As we have been reminded recently, language and words are important. As they are our primary form of communication with the other members of the human race, words often grow and change over time, collecting associative meaning and emotional freight beyond their literal definitions.
So I was intrigued to see that just last week, the legislature in my home state of Iowa passed a bill that removes the word “retarded” from all state laws. This bill, unanimously passed, will replace phrases such as “mental retardation” with “intellectual disability.” And Iowa is not alone in this action; in fact, 14 other states as well as the U.S. Congress have passed similar legislation eliminating the use of such words in state and federal health, education, and labor laws. The change will make such laws consistent with the terminology used by the Centers for Disease Control and Prevention, the White House, and the United Nations.
President Obama signed the bill in 2010, known as “Rosa’s Law,” and named for nine-year old Rosa Marcellino of Edgewater, Maryland. Rosa’s mother objected when her daughter, who has Down syndrome, was labeled as mentally retarded by the state’s individualized education program. Mrs. Marcellino, who does not allow the “r-word” in her house, took the matter to Senator Barbara Mikulski, who drafted the bill.
Behind this recent surge of legislation are organizations such as the Special Olympics, the Arc (previously known as Association for Retarded Citizens of the United States), Best Buddies International, and R-word.org. These organizations state that they do not mean to censor, but simply remove the stigma and pejorative nature of the r-word in question.
“You can’t ban terminology any more than you can ban thought,” says Dr. Stephen B. Corbin, Senior Vice President of Community Impact with the Special Olympics. “But we know that using bad language contributes to the dehumanization and stigmatization of others, which incites treating them differently.”
The term “retard” as most are familiar with today evolved from the clinical diagnostic term “mental retardation.” However, one cannot deny that the two phrases today carry completely different connotations. You don’t hear kids insulting each other by saying, “Wow, that was very mentally deficient of you.” No, they say, “Wow, that was retarded.” Similar to the evolution of “gay,” “retarded” now is associated with what is stupid, idiotic, or socially inacceptable.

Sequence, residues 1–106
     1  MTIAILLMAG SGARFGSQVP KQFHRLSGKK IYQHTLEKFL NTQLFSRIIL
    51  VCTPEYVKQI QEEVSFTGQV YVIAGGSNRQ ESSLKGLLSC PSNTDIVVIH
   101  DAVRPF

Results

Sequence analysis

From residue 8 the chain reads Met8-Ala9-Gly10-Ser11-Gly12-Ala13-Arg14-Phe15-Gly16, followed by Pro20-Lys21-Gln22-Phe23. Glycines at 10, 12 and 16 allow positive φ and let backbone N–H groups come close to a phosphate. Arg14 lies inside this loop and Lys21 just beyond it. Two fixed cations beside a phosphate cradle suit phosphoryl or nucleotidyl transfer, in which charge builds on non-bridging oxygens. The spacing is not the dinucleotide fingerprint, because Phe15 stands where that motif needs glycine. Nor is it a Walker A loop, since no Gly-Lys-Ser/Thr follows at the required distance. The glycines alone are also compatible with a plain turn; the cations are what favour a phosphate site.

But will legislation such as Rosa’s Law help change America’s perception of the intellectually disabled, or is it unnecessary regulation that simply continues the cycle of offensive language?
“All of this reflects the cycle of word taboo,” says Christopher Fairman, professor of law at Ohio State University and author of Fuck: Word Taboo and Protecting Our First Amendment Liberties. “By focusing on the word itself, you reinforce the negative connotation and actually strengthen the taboo. The focus should be on the acceptance and inclusion of people with intellectual disabilities. This breaks down the cultural taboo that creates word taboo in the first place.”
While I personally find the word as offensive as “gay” when not used for its literal meaning, I agree with Fairman that this legislation may not be the most effective use of Congress’s time or way to combat derogatory language. Language is a grass-roots effort; it is shaped by its users over the years. It cannot truly be legislated or mandated to mean what people don’t want it to mean. If the government full on forbade everyone from using the word “retarded,” even for just reasons, people would still use the word (and probably more often just to spite the Man). People will not change how they speak because someone tells them to; they have to understand and want to make the change on their own volition.
I don’t think this legislation is necessarily a bad thing, and hey, if it works and people stop using “retarded” recreationally then that’s great! But unfortunately, I’m a bit of a cynic, and I don’t think that a government mandate will have the effectiveness of a simple, well-reasoned discussion. Hopefully I’m wrong. What do you think?